From the bottom of the climate barrel comes a plaintive cry, “Climate change could see elephants’ ears grow larger as animals ‘shape-shift’ to survive, study suggests”. How long has our “heating planet” been forcing animals to shape-shift? Because if it’s less than, say, 50 years, we’re not buying this new flappier elephant. Elephants, we remind the climate scientist armed with a Bachelor’s degree in music and, he boasts, a “Full UK Driver’s License”, who wrote that story in The Independent, live up to 70 years and indeed gestate for two years. So they’re not exactly in the rapid turnaround business and any visible evolutionary changes must involve processes taking place over a much longer period of time than that in which a fraction of a degree of warming is alleged to have been caused by humans. But that didn’t apparently register on the expert whose expertise yielded the latest expert pronouncement: “‘Climate change could be causing animals around the world to grow larger ears, beaks and tails, according to a new study, as our heating planet forces them to rapidly ‘shape-shift’ in order to survive.”
The article includes the phrase “with a third of species possibly facing extinction” which invites the riposte “unless they’re not”. The Earth is home to uncounted millions of species and most of them will still be here when this young person is old because at present the actual rate of verified extinction from all causes is extremely low.
In citing this figure he was actually referencing another Independent story, also featuring an image of elephants because they are charismatic megafauna, claiming “Climate crisis: One-third of all plant and animal species could be extinct in 50 years, study suggests”. And you can go as far down that rabbit hole of could and might and suggests as you care to, including that it relied on 538 species at 581 sites studied at least 10 years apart and “found 44 per cent of the 538 species had already gone extinct at one or more of the sites they had earlier inhabited” as though if we didn’t burn fossil fuels critters would sit still. “No longer at that spot” is not a synonym for “extinct” and anyone who does not understand this point ought not to comment on it.
Jim Steele did a video giving the journalism on this ear- and beak-inflating study the smackdown, and pummeling the study into the bargain. And for our part, we’re going to ignore the mass extinction not currently underway and explore instead the big-eared story’s claim that “In a phenomenon known as Allen’s Rule, animals in warmer climates tend to have larger appendages – such as ears, beaks, legs and tails – which they can use to dissipate heat.” Sure. It’s called adaptation, and the article makes clear that animals do it all the time and seem pretty effective at it. The study basically said that animals have migrated and evolved when climates change for a long time (hence the formulation of this rule by Joel Asaph Allen in 1877) so the present situation is not at all unprecedented.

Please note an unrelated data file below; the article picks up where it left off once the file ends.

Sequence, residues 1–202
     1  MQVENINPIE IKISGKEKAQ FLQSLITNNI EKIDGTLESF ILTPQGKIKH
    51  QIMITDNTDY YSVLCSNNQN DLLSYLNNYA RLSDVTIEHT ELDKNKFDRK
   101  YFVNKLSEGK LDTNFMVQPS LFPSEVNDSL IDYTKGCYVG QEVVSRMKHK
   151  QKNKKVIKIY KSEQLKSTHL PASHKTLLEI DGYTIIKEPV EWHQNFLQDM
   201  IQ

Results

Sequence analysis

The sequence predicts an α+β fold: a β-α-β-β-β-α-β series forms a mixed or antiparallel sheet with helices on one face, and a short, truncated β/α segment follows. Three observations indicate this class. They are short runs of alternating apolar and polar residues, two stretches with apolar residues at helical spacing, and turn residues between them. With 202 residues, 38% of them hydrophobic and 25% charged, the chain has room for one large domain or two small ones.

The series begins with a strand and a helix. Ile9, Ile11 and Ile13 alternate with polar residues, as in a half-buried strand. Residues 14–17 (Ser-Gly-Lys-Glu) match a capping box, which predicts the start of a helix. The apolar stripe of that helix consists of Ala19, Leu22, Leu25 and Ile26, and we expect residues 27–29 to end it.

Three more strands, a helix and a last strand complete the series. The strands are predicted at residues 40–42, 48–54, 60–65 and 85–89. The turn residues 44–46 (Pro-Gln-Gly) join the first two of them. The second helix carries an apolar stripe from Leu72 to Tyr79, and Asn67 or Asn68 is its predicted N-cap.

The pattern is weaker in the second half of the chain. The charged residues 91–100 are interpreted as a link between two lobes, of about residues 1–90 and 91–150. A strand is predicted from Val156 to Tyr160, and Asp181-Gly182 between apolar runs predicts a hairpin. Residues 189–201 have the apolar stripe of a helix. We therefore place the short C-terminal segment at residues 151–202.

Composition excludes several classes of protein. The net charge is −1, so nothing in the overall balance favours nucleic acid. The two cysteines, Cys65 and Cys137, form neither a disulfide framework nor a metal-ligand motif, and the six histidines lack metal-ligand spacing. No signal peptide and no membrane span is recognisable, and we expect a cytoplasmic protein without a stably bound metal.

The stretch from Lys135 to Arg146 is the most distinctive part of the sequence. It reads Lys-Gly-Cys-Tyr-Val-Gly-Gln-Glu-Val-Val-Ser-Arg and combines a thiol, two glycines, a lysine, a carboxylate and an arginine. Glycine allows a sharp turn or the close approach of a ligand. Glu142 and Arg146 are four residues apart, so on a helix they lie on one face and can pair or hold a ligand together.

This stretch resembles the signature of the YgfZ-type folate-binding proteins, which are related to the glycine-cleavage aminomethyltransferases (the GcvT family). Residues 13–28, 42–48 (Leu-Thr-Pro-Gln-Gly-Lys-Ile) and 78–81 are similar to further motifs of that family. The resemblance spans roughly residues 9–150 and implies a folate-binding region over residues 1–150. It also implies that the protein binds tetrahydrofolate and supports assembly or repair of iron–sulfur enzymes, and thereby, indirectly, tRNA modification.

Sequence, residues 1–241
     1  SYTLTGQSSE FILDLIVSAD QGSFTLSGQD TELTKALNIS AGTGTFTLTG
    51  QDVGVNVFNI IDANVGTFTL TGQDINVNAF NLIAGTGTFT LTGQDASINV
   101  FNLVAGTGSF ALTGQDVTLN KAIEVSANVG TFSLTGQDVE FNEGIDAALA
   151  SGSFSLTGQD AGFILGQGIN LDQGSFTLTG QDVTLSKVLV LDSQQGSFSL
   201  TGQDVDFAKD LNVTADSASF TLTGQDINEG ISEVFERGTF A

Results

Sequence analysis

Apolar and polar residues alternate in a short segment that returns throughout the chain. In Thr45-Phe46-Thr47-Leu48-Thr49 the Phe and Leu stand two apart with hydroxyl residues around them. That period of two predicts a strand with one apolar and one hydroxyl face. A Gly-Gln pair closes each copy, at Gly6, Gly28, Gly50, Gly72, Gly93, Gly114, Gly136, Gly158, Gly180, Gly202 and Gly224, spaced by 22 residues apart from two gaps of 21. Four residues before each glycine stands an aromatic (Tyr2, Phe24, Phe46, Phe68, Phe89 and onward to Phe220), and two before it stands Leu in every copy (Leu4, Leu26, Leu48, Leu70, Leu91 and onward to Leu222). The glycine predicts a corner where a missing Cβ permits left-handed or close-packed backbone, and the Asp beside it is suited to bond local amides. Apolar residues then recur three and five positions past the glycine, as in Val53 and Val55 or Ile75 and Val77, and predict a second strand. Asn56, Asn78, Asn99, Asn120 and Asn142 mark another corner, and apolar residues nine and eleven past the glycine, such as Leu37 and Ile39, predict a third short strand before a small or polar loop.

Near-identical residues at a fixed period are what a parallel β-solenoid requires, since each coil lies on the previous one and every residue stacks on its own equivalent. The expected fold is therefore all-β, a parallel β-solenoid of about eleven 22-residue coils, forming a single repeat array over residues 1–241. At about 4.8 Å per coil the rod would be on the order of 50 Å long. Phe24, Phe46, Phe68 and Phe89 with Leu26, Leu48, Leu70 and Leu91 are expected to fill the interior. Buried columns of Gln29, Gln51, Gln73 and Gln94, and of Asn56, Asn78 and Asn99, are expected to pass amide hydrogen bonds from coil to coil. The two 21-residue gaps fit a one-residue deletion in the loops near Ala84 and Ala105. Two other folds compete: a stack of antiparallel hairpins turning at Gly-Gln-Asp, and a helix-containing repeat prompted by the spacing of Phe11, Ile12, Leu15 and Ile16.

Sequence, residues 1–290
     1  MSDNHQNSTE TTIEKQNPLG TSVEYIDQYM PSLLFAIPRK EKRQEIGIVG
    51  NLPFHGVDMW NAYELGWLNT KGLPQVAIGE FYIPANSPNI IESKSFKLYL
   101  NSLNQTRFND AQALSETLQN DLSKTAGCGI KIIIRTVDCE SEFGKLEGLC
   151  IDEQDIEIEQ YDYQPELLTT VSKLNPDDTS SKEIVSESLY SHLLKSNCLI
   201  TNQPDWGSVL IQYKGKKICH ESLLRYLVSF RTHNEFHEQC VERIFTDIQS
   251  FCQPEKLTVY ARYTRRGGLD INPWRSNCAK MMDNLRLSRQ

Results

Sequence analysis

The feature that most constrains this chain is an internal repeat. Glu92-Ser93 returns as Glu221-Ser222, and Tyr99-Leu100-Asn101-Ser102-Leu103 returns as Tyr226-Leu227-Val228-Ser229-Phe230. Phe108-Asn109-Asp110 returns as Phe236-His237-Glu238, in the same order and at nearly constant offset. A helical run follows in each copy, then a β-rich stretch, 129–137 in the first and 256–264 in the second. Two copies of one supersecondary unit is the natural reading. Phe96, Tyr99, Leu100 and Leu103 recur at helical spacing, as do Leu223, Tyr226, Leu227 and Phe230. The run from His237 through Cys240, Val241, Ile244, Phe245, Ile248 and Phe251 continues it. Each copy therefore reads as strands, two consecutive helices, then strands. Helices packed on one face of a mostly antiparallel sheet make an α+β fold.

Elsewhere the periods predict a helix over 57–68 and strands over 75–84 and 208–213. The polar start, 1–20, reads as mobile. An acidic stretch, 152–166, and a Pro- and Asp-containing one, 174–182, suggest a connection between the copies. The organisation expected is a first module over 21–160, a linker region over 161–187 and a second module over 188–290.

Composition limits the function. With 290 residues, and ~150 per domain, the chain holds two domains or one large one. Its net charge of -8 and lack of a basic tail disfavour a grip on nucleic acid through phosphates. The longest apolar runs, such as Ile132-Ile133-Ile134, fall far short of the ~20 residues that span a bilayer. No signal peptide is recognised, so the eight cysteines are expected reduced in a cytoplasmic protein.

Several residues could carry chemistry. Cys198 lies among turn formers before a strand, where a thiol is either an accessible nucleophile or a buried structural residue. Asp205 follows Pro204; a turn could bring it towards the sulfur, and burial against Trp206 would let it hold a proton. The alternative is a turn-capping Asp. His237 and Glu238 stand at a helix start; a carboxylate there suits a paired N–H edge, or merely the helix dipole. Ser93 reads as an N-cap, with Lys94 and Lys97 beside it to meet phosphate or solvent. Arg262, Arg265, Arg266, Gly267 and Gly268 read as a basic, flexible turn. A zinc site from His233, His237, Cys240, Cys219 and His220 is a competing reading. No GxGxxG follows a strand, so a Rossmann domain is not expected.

For instance, the study says, “Australian parrots have shown, on average, a 4%–10% increase in bill surface area since 1871”. Which is a remarkably fast adaptation. And if you’re going to blame it all on man-made climate change, then tell us, when did it start exactly? Whenever makes for a scary story, apparently. Even though as we recently noted, sea surface temperatures at the Great Barrier Reef have increased exactly not at all since 1871, leading to much larger research grants.
To be fair, the study actually says the situation is totally unclear, with sentences like “It can be difficult to predict how much temperature change is required for shape-shifting to occur because research is still broadly lacking.” And “Because appendages are often multifunctional, ecological factors other than temperature and thermoregulation are likely to contribute to appendage size.” Of course global warming gets blamed anyway: “Climate change is driving increased temperatures across the globe, and animals are responding in a myriad of ways.” However “Changes in ambient temperature and Allen’s rule’s widespread occurrence in endotherms are likely to be critical in predicting shape-shifting; however, research on this is currently lacking.”
Therefore even more research money is needed for what we personally do: “continued study that combines multiple information sources, such as long-term field data, analysis of museum specimens, molecular data, and temporal trends, needs to be prioritised”.